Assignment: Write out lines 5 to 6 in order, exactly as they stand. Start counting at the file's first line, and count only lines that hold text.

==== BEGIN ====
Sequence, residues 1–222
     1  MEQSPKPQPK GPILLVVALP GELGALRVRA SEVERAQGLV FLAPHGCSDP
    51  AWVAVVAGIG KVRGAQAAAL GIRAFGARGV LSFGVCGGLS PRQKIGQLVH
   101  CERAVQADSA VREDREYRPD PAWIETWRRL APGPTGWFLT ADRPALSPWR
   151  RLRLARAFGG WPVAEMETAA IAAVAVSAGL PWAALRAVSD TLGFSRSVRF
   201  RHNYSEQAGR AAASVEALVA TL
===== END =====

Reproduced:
   151  RLRLARAFGG WPVAEMETAA IAAVAVSAGL PWAALRAVSD TLGFSRSVRF
   201  RHNYSEQAGR AAASVEALVA TL